When caring for aquarium plants, it’s important to know what conditions are best for them, but also what you can do if something goes wrong. Moreover, it’s also essential to know the difference between a plant that just needs recovery time, or a plant that may need to be taken out.
An Anubias plant is an aquatic plant with a rhizome, which means that it will survive as long as the long, horizontal runner beneath the surface is thriving, even if all the leaves are removed or fall off.
For more about Anubias plant care, read on.
Can Anubias Plants Survive Without Leaves?
Anubias, like many aquatic and semi-aquatic plants, can actually survive, even grow, without its leaves. Leaves will help the plant get the nutrients and light it needs to thrive, but losing all its leaves won’t kill this plant.
As long as the long thready root-like growth at the base is happy, even a leafless Anubias has a fighting chance.
What Does An Anubias Need to Survive?
All an Anubias really needs to survive is a thriving rhizome stem. As long as the rhizome is healthy, new shoots, stems and leaves will sprout with time.
The rhizome is a long root-like stem that grows underground for many aquatic and semi-aquatic plants.
As it grows it expands the underground network of the plant, and allows for new shoots and new growth, even if all of the previous growth has been broken off or damaged.
How Does An Anubias Grow Without Leaves?
The rhizome, or the long root-like stem that grows horizontally underneath the leafy part of the plant can survive even if the leaves and visible stems are removed.
Healthy rhizomes can reproduce on their own. Healthy rhizomes will reproduce and expand the root system of the plant on their own. They’ll also produce buds to sprout into new shoots and leaves.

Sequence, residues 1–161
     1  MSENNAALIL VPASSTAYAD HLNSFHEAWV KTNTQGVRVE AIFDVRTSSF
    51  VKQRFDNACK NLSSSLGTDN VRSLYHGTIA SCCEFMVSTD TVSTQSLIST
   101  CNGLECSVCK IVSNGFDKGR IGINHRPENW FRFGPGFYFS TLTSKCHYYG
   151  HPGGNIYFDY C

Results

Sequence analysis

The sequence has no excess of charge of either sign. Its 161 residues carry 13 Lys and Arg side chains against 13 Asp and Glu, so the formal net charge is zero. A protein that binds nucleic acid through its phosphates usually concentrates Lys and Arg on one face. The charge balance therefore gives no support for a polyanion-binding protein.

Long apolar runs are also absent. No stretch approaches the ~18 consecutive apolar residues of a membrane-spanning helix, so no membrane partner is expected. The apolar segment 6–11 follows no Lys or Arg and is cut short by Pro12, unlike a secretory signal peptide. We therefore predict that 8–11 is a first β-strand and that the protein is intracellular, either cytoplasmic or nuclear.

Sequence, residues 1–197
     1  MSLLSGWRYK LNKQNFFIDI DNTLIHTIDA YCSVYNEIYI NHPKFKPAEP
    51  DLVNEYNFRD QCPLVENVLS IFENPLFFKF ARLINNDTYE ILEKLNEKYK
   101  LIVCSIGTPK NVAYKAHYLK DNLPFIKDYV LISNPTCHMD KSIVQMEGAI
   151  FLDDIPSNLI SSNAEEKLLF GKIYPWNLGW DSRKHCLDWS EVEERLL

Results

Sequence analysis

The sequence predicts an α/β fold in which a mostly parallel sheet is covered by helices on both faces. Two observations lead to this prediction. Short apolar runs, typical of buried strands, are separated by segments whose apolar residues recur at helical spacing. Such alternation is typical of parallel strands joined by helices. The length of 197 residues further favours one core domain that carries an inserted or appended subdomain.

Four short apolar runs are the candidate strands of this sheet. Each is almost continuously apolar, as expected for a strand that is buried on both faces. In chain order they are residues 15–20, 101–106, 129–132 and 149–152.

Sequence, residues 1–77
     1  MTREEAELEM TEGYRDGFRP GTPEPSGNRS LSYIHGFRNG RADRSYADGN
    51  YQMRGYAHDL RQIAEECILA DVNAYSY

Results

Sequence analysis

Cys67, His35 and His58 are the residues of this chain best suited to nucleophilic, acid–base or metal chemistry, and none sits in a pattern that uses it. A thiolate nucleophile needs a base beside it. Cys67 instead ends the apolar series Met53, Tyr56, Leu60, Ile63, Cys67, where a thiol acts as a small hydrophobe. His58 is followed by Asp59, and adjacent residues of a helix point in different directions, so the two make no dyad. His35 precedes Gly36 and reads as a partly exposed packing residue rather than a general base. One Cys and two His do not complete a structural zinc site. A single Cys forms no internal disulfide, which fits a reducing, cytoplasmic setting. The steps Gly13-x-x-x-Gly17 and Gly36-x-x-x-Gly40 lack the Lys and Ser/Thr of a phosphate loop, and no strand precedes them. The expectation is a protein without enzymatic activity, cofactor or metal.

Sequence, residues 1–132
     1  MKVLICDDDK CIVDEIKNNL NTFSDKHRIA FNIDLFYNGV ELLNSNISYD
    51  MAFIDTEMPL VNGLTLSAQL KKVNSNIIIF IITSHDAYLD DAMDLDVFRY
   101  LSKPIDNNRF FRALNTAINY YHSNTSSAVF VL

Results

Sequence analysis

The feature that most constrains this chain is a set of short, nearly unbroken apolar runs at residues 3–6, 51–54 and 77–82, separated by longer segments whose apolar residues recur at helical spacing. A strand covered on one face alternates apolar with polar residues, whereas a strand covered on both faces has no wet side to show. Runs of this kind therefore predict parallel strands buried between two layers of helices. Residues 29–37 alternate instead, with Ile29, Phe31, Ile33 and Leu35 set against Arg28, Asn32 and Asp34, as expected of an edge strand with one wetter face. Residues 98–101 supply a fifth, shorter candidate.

How Can You Tell If An Anubias Is Dying Or Not When There Are No Leaves?
The best way to determine the health of an Anubias, if there are no leaves visible, is to check the rhizomes.
If you want to check the health of a leafless Anubias plant, carefully take them from where they’re planted, and check the rhizomes
Healthy rhizomes, once cleaned of dirt and vegetation, should be flexible. They should also be a pale tan or whitish color.
Darker brown rhizomes, brittle rhizomes, or rhizomes with a crumbly outer sheath are unhealthy, and need to be taken care of to restore them to full health.
Why Do Anubias Lose Their Leaves?
There are a lot of reasons why an Anubias might lose their leaves. Some of it is perfectly normal, especially for recently planted or transplanted Anubias plants.
When you notice a lot of leaves coming off, consider the following:
- Was the plant recently transplanted?
- is the plant adjusting to a submersive (entirely underwater) or emersive (leaves and shoots above the water’s surface) environment?
- Do the water conditions need to be adjusted, or have they been adjusted recently?
- Is the tank too crowded for the Anubias?
All of these can be the cause of lost leaves, and they’re fairly easy to correct with a little care.
What If The Problem Isn’t Adjusting To Tank Conditions?